[uk-lispers] [uk-lispers-bounces at alu.org: Auto-discard notification]
ndl at ravenbrook.com
Sat Jan 14 07:52:14 PST 2012
Two days after I fiddled with the list settings, we get our first
false positive in years.
------- Start of forwarded message -------
Subject: Auto-discard notification
From: uk-lispers-bounces at alu.org
Date: Sat, 14 Jan 2012 06:00:22 -0800
To: Lispers in the UK <uk-lispers at alu.org>
From: p2.lisp at googlemail.com
Subject: Re: [uk-lispers] Reduced moderation effort for uk-lispers
At 1:43 PM +0000 12/1/13, Nick Levine wrote:
>Lack of traffic is, I reckon, for neither of the reasons you
>suggest. Rather, there is almost no "lisp in the UK" activity to
Although for nearly 30 years, I have used lisp almost every working
day ... mostly in the UK if recently not for the UK, in my wee world
it can sometimes feel as if there aren't many (any!) UK lisp users
about. That seems especially the case when seeking able people with
lisp, design and business skills for paid work.
Isn't the nature of a lot of lisp work that the people doing it are
scattered about the world, that geographical location is of
diminishing significance. We have many tools to hand which support
and encourage communication, sharing, collaboration. The key
ingredient is often trust. Beside I can't think of much that makes
any lisp work in the UK be intrinsically British (other than
documentation spelling perhaps).
I've been meaning to get up to London to a uk-lispers meeting for
ages, if only just to show support, but it's quite a slog after a
day's work from Kent where I am. Besides beer and car driving don't
mix so well. I was hoping for the coincidence of a meeting and when
I happen to be in London anyway, I don't think that's happened yet.
From back in the day when I hosted BSUG (British Symbolics Users
Group) for some years, through assorted conferences and other get
togethers, I've grown the impression that most with lips interest
come and go in the way a sack of potatoes might, that is passively
waiting to be served and pampered as if someone was selling something
(ie. using meetings like a walk through a shopping mall, with no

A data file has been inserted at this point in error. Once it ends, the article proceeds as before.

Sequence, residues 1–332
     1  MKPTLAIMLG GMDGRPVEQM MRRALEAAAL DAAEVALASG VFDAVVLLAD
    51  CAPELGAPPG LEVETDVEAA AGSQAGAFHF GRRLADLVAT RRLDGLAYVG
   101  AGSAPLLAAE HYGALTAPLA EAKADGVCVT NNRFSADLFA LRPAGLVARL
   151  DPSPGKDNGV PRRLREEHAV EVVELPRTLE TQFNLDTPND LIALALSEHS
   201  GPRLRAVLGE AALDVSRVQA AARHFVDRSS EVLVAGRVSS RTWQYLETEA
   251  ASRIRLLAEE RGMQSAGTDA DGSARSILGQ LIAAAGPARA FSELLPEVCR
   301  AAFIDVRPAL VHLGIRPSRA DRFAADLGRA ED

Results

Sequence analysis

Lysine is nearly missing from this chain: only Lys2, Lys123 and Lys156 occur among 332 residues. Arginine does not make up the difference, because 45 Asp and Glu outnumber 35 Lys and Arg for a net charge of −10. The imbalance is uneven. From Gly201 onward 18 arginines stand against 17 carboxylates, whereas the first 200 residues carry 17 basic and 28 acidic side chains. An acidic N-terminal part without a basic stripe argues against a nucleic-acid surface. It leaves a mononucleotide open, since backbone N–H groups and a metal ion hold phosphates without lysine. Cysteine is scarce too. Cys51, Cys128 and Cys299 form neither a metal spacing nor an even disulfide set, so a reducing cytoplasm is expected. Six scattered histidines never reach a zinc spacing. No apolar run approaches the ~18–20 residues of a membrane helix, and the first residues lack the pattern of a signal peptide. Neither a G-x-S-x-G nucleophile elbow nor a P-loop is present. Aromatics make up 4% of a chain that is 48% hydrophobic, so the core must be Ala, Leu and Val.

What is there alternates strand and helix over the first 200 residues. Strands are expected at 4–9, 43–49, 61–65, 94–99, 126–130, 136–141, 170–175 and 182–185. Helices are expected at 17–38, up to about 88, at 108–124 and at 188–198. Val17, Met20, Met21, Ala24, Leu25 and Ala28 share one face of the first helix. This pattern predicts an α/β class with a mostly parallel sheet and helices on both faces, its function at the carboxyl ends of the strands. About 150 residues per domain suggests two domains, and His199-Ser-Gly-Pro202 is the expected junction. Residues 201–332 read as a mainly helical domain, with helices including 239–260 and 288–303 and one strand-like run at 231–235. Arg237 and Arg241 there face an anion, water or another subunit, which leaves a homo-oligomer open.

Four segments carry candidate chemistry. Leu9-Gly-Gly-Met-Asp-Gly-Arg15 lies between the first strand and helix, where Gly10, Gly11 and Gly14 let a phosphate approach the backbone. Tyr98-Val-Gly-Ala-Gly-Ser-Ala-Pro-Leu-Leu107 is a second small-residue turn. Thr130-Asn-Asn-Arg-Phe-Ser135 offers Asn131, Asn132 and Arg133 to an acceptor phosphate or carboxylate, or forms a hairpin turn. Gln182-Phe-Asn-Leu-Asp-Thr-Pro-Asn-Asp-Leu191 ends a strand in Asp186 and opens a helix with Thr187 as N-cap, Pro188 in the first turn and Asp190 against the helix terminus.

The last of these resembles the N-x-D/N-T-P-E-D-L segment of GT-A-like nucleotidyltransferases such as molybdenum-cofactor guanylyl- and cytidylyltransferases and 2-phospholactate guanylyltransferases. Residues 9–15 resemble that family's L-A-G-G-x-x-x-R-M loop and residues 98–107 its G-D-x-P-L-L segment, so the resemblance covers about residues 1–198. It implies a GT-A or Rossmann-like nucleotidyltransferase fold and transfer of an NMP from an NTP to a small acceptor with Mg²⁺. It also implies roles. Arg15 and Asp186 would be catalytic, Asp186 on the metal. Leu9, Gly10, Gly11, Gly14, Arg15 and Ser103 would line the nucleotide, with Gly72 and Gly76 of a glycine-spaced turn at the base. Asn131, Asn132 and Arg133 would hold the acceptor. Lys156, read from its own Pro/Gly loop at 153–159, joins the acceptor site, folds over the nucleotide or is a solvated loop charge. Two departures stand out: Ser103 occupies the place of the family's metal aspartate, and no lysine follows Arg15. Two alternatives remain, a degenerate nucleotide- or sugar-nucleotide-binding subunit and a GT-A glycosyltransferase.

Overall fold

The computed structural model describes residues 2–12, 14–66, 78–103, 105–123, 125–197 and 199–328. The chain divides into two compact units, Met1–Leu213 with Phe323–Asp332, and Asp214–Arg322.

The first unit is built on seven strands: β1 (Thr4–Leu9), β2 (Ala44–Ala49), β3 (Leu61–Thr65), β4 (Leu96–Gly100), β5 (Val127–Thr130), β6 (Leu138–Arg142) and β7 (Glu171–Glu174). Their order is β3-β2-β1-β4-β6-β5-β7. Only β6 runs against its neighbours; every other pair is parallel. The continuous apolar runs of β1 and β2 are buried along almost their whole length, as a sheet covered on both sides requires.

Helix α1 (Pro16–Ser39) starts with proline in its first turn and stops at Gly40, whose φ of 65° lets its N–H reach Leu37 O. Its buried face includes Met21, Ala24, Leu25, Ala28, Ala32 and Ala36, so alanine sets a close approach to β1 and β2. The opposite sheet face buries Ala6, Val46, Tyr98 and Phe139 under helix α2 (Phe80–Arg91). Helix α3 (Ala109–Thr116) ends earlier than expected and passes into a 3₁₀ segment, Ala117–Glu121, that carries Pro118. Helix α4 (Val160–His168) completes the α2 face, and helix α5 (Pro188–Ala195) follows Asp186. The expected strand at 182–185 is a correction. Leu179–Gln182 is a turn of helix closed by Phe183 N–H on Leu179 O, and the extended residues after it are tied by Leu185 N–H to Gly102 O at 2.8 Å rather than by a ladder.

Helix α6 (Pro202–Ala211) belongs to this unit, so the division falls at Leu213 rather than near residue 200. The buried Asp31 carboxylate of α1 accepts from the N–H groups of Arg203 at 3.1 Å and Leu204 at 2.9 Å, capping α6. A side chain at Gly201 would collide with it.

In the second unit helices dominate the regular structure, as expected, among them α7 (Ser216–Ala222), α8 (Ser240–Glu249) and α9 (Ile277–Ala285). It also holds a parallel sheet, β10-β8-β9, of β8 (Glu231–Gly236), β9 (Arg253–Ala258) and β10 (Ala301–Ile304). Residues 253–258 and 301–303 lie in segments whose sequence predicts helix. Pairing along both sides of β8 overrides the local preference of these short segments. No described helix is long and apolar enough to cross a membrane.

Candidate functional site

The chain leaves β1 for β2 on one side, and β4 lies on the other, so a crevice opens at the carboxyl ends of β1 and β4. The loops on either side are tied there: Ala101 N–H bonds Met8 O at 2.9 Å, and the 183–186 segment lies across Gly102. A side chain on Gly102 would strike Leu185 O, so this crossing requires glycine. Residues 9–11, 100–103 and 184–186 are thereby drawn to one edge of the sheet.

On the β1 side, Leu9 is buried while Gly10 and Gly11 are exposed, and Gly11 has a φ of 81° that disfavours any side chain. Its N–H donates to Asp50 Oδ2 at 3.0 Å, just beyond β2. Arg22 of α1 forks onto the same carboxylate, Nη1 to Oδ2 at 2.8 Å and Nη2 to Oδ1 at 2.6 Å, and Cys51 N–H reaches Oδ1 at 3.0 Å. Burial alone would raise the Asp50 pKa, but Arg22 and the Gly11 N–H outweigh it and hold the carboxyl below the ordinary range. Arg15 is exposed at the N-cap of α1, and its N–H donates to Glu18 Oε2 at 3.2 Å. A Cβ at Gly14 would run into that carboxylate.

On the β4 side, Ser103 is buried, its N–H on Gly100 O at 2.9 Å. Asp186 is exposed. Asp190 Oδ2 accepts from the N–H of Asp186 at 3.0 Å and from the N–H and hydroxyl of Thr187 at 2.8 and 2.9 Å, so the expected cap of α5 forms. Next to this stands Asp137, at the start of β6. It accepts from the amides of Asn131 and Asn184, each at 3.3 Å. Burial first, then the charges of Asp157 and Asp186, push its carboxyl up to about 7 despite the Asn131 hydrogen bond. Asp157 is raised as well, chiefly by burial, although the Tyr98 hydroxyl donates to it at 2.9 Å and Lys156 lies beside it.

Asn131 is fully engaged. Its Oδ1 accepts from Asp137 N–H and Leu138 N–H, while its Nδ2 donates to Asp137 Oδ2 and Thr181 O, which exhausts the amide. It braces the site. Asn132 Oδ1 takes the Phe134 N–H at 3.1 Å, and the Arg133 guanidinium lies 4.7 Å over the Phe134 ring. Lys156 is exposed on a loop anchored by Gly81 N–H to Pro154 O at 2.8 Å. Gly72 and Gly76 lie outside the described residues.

sense of contributing anything). Perhaps valid in the days of big
bribing lisp vendors, but not so these days. That has dimmed my
interest in reaching out to other lispers, besides I'm not really a
CS sort. But y'all just getting enough oomph to meet at a pub seems
so stand-out proactive, that I've been hoping uk-lispers might catch
on and grow.
A reason why I tend not to post lisp stuff anywhere in public is that
I've had too many experiences of know-it-all college kids megaphoning
offensive messages when they jump to ignorant conclusions and run
away with their imaginations. And on the other end of the scale, I'm
a great believer in the value of colloquial conversation, and that
can all too often be out of tune with the pedantic (quasi autistic)
style of most pros who have climbed the pecking order in software
Meanwhile I communicate in private with a few lisp users that are
scattered around the world. These are people that I have learned to
trust to keep my dirty laundry to themselves. After all, the reason
for reaching out is often because we're stuck, confused, ignorant,
misguided, lost, jumped to the wrong conclusion, being an idiot, and
generally showing the opposite of the grand side of ourselves. That
may be fine, even fun for the ingenue, but doesn't look so good for
those who earn a living using lisp.
Gossip in a pub could be just the ambiance that I'd relish, but
distance has been a killjoy.
Anyway, apologies for the verbosity, but I just had to raise hand in
response to Nick's assertion/question.
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